Several types of diseases and conditions can cause pelvic pain. Often chronic pelvic pain results from more than one condition.
Pelvic pain may arise from your digestive, reproductive or urinary system. Recently, doctors have recognized that some pelvic pain, particularly chronic pelvic pain, may also arise from muscles and connective tissue (ligaments) in the structures of the pelvic floor. Occasionally, pelvic pain may be caused by irritation of nerves in the pelvis.
Female reproductive system
Pelvic pain arising from the female reproductive system may be caused by conditions such as:
- Menstrual cramps (dysmenorrhea)
- Ectopic pregnancy (or other pregnancy-related conditions)
- Mittelschmerz (ovulation pain)
- Ovarian cancer
- Ovarian cysts
- Pelvic inflammatory disease (PID)
- Uterine fibroids
Other causes in women or men
Examples of other possible causes of pelvic pain — in women or men — include:
- Colon cancer
- Chronic constipation
- Crohn's disease
- Inguinal hernia
- Interstitial cystitis (also called painful bladder syndrome)
- Intestinal obstruction
- Irritable bowel syndrome
- Kidney stones
- Past physical or sexual abuse
- Pelvic floor muscle spasms
- Ulcerative colitis
- Urinary tract infection
May. 18, 2013
Causes shown here are commonly associated with this symptom. Work with your doctor or other health care professional for an accurate diagnosis.
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- Interstitial cystitis/painful bladder syndrome. National Kidney and Urologic Diseases Information Clearinghouse. http://kidney.niddk.nih.gov/kudiseases/pubs/interstitialcystitis/index.htm. Accessed April 7, 2013.
- Howard F. Evaluation of acute pelvic pain in women. http://www.uptodate.com/home. Accessed April 7, 2013.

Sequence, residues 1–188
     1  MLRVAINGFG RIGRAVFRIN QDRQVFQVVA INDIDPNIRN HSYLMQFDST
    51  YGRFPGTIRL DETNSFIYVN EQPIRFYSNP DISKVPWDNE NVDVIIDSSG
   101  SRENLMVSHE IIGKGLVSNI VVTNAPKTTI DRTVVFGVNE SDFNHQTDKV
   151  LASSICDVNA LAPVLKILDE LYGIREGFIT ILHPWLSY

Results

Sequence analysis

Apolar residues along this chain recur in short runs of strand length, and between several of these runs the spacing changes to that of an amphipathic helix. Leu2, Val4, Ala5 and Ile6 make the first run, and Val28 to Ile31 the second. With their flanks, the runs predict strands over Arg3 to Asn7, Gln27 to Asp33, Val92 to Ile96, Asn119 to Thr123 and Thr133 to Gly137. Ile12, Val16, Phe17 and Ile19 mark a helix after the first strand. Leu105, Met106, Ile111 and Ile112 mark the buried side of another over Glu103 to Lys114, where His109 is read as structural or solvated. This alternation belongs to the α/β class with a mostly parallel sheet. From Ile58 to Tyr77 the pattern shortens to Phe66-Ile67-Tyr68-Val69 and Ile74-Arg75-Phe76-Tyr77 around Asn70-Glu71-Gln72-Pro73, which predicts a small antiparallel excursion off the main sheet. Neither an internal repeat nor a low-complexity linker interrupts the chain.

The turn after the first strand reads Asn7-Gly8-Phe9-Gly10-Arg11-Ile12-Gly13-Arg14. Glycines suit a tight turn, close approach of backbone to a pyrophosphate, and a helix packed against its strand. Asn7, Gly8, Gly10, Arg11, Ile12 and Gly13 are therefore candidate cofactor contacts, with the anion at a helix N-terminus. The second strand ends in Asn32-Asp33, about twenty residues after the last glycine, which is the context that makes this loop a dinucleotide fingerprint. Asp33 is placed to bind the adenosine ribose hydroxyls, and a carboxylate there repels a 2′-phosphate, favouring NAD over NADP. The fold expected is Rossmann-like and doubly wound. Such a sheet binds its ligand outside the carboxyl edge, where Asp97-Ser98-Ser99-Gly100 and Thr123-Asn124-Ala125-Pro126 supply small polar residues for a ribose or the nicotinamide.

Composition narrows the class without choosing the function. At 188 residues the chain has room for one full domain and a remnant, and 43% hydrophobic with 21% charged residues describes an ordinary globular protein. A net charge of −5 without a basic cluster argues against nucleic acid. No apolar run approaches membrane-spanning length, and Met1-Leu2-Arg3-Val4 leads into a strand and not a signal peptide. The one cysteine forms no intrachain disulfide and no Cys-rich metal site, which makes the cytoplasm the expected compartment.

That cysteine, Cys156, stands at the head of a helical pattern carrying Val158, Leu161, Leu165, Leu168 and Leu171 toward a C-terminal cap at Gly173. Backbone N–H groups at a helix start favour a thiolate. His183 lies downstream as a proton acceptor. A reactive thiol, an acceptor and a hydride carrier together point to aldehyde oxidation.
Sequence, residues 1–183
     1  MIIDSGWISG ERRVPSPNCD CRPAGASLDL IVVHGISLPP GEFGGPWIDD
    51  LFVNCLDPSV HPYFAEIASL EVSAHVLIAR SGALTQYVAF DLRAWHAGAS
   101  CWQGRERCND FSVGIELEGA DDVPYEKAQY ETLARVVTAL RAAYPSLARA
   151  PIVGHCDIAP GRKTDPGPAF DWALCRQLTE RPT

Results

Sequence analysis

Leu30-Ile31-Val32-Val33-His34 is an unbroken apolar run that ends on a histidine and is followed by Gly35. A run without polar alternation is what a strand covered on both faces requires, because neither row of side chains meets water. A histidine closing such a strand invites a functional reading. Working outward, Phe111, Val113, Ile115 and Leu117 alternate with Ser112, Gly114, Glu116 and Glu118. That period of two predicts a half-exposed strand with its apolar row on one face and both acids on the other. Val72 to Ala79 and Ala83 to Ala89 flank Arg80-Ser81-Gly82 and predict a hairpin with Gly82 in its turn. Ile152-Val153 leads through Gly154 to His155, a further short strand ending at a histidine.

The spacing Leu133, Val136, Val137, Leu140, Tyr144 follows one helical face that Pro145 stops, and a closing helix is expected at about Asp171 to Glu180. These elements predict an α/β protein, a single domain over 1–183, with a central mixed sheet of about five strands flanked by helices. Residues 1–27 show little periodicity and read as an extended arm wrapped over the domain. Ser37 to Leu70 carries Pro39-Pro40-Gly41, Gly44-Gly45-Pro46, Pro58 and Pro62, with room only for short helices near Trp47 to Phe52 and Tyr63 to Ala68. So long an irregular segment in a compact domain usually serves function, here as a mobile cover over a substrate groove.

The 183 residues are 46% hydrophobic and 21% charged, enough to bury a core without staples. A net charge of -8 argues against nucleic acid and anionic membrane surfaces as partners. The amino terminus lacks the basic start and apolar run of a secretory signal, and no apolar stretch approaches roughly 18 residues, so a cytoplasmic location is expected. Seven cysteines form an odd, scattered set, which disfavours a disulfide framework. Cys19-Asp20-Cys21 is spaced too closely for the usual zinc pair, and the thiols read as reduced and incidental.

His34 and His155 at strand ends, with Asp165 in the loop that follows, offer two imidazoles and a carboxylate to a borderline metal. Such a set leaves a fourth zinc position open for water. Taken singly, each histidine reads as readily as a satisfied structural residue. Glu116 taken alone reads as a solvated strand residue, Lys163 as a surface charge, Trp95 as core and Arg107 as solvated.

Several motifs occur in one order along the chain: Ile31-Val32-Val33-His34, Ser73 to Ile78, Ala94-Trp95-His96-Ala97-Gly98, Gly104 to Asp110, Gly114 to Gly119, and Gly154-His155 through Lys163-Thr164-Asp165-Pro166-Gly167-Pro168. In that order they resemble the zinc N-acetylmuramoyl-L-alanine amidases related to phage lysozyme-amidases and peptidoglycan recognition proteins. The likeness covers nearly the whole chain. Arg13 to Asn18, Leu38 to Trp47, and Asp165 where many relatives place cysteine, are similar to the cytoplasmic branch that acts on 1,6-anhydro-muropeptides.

- Brown K, et al. Evaluation of acute pelvic pain in the adolescent female. http://www.uptodate.com/home. Accessed April 7, 2013.
- Howard F. Causes of chronic pelvic pain in women. http://www.uptodate.com/home. Accessed April 7, 2013.
- Andrews J, et al. Noncyclic Chronic Pelvic Pain Therapies for Women: Comparative Effectiveness Reviews No. 41. Rockville, Md. Agency for Healthcare Research and Quality; 2012. https://www.ncbi.nlm.nih.gov/books/NBK84586. Accessed April 7, 2013.
- Yunker A, et al. Systematic review of therapies for noncyclic chronic pelvic pain in women. Obstetrical & Gynecological Survey. 2012;67:417.
- Stacy J, et al. Persistent pelvic pain: Rising to the challenge. Australian and New Zealand Journal of Obstetrics and Gynaecology. 2012;52:502.
- DeLee JC, et al. DeLee & Drez's Orthopaedic Sports Medicine: Principles and Practice. 3rd ed. Philadelphia, Pa.: Saunders Elsevier; 2010. http://www.mdconsult.com/books/about.do?about=true&eid=4-u1.0-B978-1-4160-3143-7..X0001-2--TOP&isbn=978-1-4160-3143-7&uniqId=230100505-57. Accessed April 10, 2013.
- Bope ET, et al. Conn's Current Therapy. Philadelphia, Pa.: Saunders Elsevier; 2013. http://www.mdconsult.com/books/about.do?about=true&eid=$eid&isbn=978-1-4557-0295-4&uniqId=398813857-1936. Accessed April 10, 2013.